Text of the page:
Seafloor Hydrothermal Systems
William Wilcock, University of Washington
Seafloor hydrothermal systems were first discovered nearly 30 years ago and since that time have been the focus of extensive scientific studies. They play a major role in the formation of the oceanic lithosphere at mid-ocean ridges, a process responsible for resurfacing two-thirds of our planet. They are responsible for the transport of heat, chemicals, and biomass across the seafloor, which impacts both the ageing of the oceanic crust and the chemistry of the oceans. They support diverse and productive chemosynthetic biological communities both above and below the seafloor and may represent the environment in which life first originated and evolved on earth. Seafloor hydrothermal systems are extremely dynamic and multidisciplinary approaches are required to unravel the complex interaction of a variety of physical, chemical and biological processes. Our scientific knowledge of these systems has advanced rapidly over recent years but is increasingly limited by the expeditionary mode of much oceanographic science and the difficulties associated with sampling the subseafloor crust at unsedimented sites. Several large emerging programs, including the US-Canadian NEPTUNE project to deploy a cabled observatory on the Juan De Fuca Ridge, NSF’s Ocean Observatory Project that will support both the US component of NEPTUNE and buoyed observatories at several locations, the European-led effort to establish a long-term observatory at the MOMAR site on the Mid-Atlantic Ridge, and the International Ocean Drilling Project, will provide remarkable opportunities to overcome these limitations and will lead to further advances over the coming years.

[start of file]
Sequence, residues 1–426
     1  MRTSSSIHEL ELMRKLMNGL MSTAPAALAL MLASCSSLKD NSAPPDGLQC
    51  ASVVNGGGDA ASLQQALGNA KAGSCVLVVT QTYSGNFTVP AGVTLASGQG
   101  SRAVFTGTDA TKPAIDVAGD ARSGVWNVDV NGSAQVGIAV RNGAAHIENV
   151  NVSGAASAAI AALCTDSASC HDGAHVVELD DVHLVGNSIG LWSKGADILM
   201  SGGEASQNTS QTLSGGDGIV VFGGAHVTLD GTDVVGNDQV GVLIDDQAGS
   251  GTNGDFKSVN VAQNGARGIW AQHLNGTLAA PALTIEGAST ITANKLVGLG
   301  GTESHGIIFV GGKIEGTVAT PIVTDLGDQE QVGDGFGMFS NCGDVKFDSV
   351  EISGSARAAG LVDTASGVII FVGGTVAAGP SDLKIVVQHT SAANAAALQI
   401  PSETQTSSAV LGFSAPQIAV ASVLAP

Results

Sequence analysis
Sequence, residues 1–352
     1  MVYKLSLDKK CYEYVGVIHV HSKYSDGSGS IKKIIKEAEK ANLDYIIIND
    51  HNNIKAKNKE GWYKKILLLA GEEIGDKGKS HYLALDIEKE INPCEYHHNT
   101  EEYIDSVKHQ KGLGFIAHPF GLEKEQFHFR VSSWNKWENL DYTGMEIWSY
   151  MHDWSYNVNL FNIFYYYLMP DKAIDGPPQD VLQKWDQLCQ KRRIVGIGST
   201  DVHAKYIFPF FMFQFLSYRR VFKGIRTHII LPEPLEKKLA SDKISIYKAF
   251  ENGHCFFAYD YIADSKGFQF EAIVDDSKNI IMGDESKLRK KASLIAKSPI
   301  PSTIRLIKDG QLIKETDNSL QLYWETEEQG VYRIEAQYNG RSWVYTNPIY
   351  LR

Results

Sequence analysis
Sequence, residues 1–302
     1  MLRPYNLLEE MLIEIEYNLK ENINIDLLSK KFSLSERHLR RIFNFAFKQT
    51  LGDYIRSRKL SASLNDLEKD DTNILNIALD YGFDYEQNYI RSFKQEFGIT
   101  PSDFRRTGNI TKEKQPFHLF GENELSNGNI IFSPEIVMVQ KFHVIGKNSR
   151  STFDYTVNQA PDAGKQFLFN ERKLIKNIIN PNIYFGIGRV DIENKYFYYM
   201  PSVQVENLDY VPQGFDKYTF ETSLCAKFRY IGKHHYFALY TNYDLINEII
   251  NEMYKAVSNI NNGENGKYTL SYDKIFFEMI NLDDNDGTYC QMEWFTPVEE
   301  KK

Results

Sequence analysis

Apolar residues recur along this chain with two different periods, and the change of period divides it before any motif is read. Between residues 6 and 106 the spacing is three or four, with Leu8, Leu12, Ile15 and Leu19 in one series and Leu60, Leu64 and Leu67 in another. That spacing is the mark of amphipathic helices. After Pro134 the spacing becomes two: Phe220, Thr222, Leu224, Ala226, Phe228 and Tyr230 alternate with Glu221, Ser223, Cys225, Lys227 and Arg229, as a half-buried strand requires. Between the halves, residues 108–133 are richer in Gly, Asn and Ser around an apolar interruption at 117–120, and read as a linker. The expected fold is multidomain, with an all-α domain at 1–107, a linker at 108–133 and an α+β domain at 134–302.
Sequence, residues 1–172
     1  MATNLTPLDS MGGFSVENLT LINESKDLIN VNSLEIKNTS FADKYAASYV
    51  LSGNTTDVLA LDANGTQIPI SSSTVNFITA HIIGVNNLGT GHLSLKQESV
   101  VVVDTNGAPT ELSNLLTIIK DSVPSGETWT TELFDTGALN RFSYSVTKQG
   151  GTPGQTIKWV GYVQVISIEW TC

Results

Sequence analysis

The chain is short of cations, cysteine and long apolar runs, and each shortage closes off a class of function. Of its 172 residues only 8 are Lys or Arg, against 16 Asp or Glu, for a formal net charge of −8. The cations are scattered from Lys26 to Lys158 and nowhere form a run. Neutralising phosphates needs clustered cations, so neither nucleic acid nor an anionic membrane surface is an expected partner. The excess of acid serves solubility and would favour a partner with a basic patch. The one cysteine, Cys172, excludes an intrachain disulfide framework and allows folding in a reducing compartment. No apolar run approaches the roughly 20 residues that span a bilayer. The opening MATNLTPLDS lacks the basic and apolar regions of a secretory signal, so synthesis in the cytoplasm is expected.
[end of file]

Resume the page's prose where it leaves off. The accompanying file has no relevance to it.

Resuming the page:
Lowell, R. P., et al. (1995), Seafloor hydrothermal systems, J. Geophys. Res., 100, 327-352.
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